Beginning in the fall of 2012, undergraduate program faculty, staff and administrators had the vision of bringing valuable case competition experiences to all Foster School of Business students. Initially, the case competition was optional, done in lieu of a final exam. During the first fall quarter, about 100 students in 25 teams (80% of total class population) participated. Quickly, the value of this experience was recognized by all stakeholders.

According to Clay Schwenn, case competition coordinator and assistant director of student leadership and development, a key learning for students is to be “able to take the theoretical knowledge they have acquired over the years and create something concrete. They generate a set of recommendations to people who could actually implement them.” This is powerful for the students and for the client companies.

Course coordinator Rick McPherson, a veteran of the telecom business for over 25 years, knows the importance of how to “sell” ideas to executives. He sees incredible benefit not only to the students in terms of richness of learning, but also for the companies. McPherson noted “particularly with the presentation to Alaska Airlines you saw how a well thought-out analysis and recommendations were really attractive to a company. Our students demonstrated that they can come up to speed to understand an industry and a business opportunity and create realistic ideas that a business can pursue.”

At Alaska Airlines Customer Innovation headquarters, the moment the students began their pitch, the dozen company leaders in attendance began taking notes, and then asking questions and soliciting the student’s perspective on wide raging issues from the usability of their web interface to competitive market analysis. Student team members Mackenzie, Kenny, Jordan and Tyler’s polished presentation skills left a strong impression on the leadership team. Their confidence, depth of knowledge and ability to respond quickly and thoughtfully to challenging questions will translate well to job interviews and future executive level presentations. From Jordan Barr’s perspective, “the most rewarding aspect of making our pitch to the Customer Innovations team at Alaska Airlines is the thought that our solution could be implemented in the company. It clearly shows that Alaska Airlines didn’t just do this to say they were involved—they did this because they truly want to innovate and do something different. It is an incredible feeling to know that they will be using our advice moving forward in their solutions—and it doesn’t hurt that they want to hire us.” Tyler Waterer commented, “Without Foster’s partnership with Alaska Airlines, we wouldn’t have had the opportunity to have this kind of learning experience (while) still in college.”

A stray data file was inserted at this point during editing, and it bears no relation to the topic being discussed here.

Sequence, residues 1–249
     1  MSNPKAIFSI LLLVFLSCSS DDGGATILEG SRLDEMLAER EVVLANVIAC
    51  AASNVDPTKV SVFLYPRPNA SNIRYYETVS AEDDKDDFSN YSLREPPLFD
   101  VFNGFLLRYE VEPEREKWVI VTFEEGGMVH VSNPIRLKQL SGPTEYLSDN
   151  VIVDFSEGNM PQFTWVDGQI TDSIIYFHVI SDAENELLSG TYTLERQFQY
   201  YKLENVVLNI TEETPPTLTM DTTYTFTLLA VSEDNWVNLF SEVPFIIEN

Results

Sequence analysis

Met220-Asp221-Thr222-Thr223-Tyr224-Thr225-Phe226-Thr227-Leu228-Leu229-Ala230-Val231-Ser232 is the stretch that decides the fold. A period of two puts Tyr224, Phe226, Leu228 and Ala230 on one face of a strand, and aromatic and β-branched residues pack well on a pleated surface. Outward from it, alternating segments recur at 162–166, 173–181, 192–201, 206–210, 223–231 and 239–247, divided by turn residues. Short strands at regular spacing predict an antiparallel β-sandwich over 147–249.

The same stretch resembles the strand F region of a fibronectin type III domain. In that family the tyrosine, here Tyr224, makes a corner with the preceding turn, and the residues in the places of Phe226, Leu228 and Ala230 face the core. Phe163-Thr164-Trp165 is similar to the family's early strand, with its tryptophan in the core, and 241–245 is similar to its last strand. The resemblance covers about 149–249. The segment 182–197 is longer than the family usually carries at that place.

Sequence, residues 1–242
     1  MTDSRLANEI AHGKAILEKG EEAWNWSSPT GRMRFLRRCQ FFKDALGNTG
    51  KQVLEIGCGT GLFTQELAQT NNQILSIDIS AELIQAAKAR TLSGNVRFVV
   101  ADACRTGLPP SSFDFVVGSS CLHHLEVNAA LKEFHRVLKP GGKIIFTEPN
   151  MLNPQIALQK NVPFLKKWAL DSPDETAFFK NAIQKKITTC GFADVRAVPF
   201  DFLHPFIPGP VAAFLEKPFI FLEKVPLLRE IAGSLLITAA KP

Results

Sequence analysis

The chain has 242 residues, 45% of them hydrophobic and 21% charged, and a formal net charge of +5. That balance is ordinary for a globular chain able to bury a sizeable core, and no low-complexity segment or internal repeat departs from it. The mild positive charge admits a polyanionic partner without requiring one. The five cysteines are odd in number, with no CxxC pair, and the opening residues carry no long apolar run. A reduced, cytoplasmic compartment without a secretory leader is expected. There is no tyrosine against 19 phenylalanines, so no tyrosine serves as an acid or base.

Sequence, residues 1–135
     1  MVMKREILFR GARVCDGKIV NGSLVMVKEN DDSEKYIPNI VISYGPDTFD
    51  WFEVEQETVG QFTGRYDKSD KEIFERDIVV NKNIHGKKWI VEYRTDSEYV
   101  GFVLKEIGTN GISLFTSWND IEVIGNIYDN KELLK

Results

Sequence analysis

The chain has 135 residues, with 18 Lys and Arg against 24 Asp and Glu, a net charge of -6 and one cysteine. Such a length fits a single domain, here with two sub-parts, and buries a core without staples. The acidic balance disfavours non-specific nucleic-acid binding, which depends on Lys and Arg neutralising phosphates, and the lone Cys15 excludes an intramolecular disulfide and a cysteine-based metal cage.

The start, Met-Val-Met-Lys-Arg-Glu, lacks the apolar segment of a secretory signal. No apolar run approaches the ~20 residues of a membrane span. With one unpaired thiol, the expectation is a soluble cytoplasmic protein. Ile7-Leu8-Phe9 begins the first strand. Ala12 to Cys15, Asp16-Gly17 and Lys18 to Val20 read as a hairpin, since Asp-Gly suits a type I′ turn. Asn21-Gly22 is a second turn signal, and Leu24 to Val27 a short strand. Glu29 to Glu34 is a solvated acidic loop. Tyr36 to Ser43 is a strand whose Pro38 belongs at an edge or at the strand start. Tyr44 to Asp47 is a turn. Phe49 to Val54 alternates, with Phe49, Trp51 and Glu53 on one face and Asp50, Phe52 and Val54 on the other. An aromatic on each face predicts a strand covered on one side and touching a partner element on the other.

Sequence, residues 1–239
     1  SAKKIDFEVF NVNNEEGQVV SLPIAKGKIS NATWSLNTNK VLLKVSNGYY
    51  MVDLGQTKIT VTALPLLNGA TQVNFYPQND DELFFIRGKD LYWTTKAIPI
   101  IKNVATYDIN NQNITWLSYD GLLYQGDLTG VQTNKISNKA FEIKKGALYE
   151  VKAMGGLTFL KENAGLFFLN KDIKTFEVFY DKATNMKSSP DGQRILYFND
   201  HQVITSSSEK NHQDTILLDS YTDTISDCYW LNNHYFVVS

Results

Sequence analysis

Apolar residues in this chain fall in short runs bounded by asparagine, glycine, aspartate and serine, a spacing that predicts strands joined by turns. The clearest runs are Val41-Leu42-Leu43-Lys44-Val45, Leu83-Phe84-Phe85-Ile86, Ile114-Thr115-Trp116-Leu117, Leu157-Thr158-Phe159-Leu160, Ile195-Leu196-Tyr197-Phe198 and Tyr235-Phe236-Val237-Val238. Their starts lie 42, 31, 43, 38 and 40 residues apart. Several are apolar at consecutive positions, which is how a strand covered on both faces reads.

The success of the case competitions has focused on sourcing local businesses (past case companies have included: Microsoft, Amazon and Seattle City Light) and creating forward-looking cases on current issues the company is tackling. This approach of what should a company DO, not what they should have done creates urgency for the issue and maximizing the impact the students can make. Stay tuned to see student ideas take flight in other businesses.

Organizational leadership

Bruce Avolio, executive director of the Center for Leadership and Strategic Thinking, led a discussion on organizational leadership on April 24, 2013 at the UW Foster School of Business. Panelists were Lt. Gen. Robert Brown, Phyllis Campbell and Brad Tilden.

LTG Robert Brown was commissioned into the Infantry in May of 1981 after graduating from the United States Military Academy at West Point. In 1986, LTG Brown completed the Armor Officer Advanced Course at Fort Knox, Kentucky and then attended graduate school at the University of Virginia, where he earned a master’s degree in education. Throughout his career he has held a variety of leadership positions, including Commander, 1st Brigade (Stryker Brigade Combat Team), 25th Infantry Division; Chief of Staff, US Army Europe and Seventh Army; and Commanding General, U.S. Army Maneuver Center of Excellence. LTG Brown transitioned to Joint Base Lewis-McChord on July 3, 2012, where he serves as Commanding General, I Corps.